The Water Towers and on top of the Control Tower. (My sincere thanks goes to Robert Sidwell for these personal photographs).
These photographs show everyday like at Castle Archdale.
On the left work is being carried out on Sunderland NS-K which has had its Vertical Stabiliser, Rudder and both Elevators removed.
The men above are Royal Air Force and Air Ministry M.T. Staff at Castle Archdale.
Some of these men can be identified as Eddie Brogan (Third from right in Front Row)
Peter O'Donohue (5th from the right) and Tommy Rooney(2nd from Right)
The photograph is from Eddie Brogan Junior.
(Thanks to the Old Enniskillen Facebook Page for permission to use these pictures)
The two photographs above show Ground Crew relaxing while they wait of aircraft returning from a Mission. (Castle Archdale Exhibition)
"Straddle" The Squadron Mascot of 422 Squadron, Royal Canadian Air Force at Castle Archdale
Dogs are referred to as "A Man's Best Friend" and this is true during Wartime as well as all other times.
Shown here is "Straddle" who was the Squadron Mascot of 422 Squadron Royal Canadian Air Force who were based at Castle Archdale.
I believe the photograph above was taken in Irvinestown and shows Straddle wearing his Squadron Coat.
It seems that Straddle went on a number of Operations during the War during which his favourite position was at the Navigators Table.
*****The Man standing in the background is Dan Daly who was a highly respected Shoemaker! (Thanks to Roger Edmondson for this information)*****
On the left is Straddle in the co-pilot's seat in a Short Sunderland flying boat.
Flight Lieutenant Lloyd Detwiller is the Pilot.
422 Squadron Navigator, John Moyles said “I knew LLoyd Detwiller and also Straddle. We took Straddle on patrols and he stayed on the Navigator's table during take off.
Once over the ocean the order, 'test guns' was given. There were four .303 Browning in the tail turret, 4 in the nose turret, and 2 in the mid upper. The gunners liked to position their turrets, tail starboard, nose port, and fire simultaneously. The recoil would throw the ship off course, much to the pilot's annoyance.
One flight when we had Straddle on board, the 10 guns going off in unison, caused him to pee all over the navigator's map!"
After VE-Day he was brought to Vancouver, and a year later was killed after being struck by a car. (Information from Vintage Wings of Canada with pictures from Pembroke Sunderland Trust//Boxbrownie3 )
Restored Catalina Flying Boat
Here are a few photographs of such an aircraft which is similar to the Catalina aircraft which were based in County Fermanagh.
Marker Buoys for Flying Boats and the Endeavour
An important task in County Fermanagh during the War was to ensure that there were Marker Buoys in sections of Lough Erne to assist the Sunderland and Catalina Flying Boats in locating their Bases when returning from patrols over the Atlantic Ocean.
The top photograph shows the boat "Endeavour" which was used for this purpose and above left you can see one of the Buoys being held by the crane at the rear of the boat.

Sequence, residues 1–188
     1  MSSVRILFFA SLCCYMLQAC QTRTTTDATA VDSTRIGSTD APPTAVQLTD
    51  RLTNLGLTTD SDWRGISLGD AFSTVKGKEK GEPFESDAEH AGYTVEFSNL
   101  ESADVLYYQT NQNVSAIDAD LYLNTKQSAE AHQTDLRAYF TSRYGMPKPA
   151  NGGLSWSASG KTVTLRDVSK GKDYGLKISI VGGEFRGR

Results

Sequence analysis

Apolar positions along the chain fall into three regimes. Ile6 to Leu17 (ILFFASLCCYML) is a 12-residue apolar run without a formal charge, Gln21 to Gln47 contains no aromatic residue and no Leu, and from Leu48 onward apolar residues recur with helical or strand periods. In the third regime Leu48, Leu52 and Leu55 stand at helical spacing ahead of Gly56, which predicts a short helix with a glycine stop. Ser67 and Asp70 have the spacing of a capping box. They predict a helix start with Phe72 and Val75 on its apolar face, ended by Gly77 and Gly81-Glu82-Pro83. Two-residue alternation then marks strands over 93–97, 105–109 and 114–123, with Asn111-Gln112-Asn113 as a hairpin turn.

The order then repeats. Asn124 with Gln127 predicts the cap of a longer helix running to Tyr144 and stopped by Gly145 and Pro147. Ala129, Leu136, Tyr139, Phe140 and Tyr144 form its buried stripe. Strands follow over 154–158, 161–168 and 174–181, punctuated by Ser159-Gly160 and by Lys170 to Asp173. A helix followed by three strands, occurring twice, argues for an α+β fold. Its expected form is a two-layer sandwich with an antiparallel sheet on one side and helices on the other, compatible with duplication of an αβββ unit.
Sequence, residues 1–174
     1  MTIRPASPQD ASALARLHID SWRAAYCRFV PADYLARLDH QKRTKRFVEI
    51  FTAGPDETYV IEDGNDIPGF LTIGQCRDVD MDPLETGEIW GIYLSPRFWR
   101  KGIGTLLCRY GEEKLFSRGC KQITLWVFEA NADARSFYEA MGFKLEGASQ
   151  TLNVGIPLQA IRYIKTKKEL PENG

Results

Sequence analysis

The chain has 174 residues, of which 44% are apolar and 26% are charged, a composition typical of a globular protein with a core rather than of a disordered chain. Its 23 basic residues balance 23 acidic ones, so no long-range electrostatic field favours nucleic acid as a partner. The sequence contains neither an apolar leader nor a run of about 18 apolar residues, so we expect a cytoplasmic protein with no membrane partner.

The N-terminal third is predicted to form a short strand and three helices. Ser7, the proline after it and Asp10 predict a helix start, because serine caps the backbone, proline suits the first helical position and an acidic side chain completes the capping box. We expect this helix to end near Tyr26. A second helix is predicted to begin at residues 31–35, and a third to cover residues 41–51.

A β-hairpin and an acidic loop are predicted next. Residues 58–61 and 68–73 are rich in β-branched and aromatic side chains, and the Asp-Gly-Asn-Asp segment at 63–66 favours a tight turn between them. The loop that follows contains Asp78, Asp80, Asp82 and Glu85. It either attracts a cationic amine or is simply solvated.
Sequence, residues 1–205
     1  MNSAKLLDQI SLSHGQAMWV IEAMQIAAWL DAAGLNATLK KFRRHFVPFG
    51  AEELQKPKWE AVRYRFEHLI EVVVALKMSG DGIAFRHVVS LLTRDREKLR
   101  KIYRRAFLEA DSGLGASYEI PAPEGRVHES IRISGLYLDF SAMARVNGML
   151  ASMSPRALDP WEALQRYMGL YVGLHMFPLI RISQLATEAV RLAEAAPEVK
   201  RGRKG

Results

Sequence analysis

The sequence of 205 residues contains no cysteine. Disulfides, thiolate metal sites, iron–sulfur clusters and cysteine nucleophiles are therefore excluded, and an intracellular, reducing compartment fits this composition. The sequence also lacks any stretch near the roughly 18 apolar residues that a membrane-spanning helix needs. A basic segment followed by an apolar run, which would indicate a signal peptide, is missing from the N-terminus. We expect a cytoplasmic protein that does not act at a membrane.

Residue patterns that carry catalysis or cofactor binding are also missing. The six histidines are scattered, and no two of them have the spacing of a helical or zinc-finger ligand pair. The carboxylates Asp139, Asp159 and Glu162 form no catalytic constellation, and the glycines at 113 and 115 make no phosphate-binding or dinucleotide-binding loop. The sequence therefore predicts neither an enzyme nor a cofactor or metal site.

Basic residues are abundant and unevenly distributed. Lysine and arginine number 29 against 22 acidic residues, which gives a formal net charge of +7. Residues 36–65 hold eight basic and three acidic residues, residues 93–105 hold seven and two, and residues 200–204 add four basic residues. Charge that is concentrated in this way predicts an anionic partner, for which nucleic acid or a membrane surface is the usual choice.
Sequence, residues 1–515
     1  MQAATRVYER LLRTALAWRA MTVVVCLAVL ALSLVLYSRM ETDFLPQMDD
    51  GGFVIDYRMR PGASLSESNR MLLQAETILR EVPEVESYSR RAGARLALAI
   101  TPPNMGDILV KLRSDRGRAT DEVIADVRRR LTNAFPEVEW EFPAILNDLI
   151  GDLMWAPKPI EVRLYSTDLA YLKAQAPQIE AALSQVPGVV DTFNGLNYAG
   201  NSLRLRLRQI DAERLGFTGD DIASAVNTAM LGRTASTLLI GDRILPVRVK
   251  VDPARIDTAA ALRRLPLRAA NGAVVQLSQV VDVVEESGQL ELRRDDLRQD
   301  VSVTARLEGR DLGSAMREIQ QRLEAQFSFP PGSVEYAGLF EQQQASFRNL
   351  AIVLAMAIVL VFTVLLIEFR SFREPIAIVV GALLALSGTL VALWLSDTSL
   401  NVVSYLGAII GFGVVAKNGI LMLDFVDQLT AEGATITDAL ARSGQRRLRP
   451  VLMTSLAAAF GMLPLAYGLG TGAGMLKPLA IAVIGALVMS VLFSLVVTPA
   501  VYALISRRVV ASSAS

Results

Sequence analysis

This final picture shows some of the local civilians who worked with the Flying Boats. The picture was taken as the war ended. (Thanks to Roger Edmondson for this)
The Lough Erne Yacht Club is the current owner of what had been a major base for Flying Boats on Lough Erne.
The Base was constructed by the U.S. Government with the main County Fermanagh Headquarters being at Ely Lodge as well as Killadeas.
Commissioned in 1942 by the U.S. Navy and known by the Royal Air Force as 131 Operational Training Unit, the R.A.F. carried out repair work on site.
Coastal Command took charge in 1942 from the United States Unit - Company K, 2nd Battalion 168th Infantry. From 13th May until 13th December 1942 109th Engineer Battalion of 34th Infantry Division U.S. Army was also based at Killadeas.
The pictures show the original Royal Air Force flagstaff, a memorial stone at the base of the flagstaff, 2 Flying Boat Mooring Blocks and the remaining large repair hangar.
Credit is due to the members of The Lough Erne Yacht Club who display the 2 pictures shown on the left.
The top one is a Roll of Honour listing all the Catalina Flying Boats which were based on Lough Erne during WW2 that crashed with loss of life.
It includes details of all the crewmen who gave their lives in these crashes.
The lower item is called "Find The Bismarck" and describes the actions of the crew of Catalina I AH545 "WQ-Z" of Number 209 Squadron, Royal Air Force.
The two pictures on the right show the Camp buildings on the hill between where the yacht club and Manor House Hotel now stand along with the Nissen Huts which were much closer to the shoreline. (Thanks to Selwyn Johnston)
This Building was the Pyrotechnic Store (Ready Use) which is the first building you see on the right when you are approaching the Killadeas complex.
These impressive photograph was taken on 22nd April 1944 by 131 Operational Training Unit.
Above shows Killadeas in the centre of the photograph with Gublusk Bay clearly visible at the lower shore.
(Thanks to Selwyn Johnston for this photograph)
This photograph was taken at the same time as the one above.
It shows Killadeas including the large number of Nissen Huts on the left side - This is where the Bomb Store that is shown below in Located.
The large building in the background is now the Manor House Hotel. There are a number of Catalina aircraft on the Lough. (Thanks to Selwyn Johnston for this photograph)
Killadeas Bomb Store
These few photographs show a Ordnance Store.
The concrete road winds its way from the Manor House Hotel around the shoreline towards what is now Lough Erne Yacht Club.
The Ordnance was secured within the area shown in the photograph on the right which is surrounded on three sides by banking. Sorry for the poor photograph.
Safety is paramount in such operations and here is a small storage area where Fire Fighting Equipment would have been retained for use in the event of an emergency.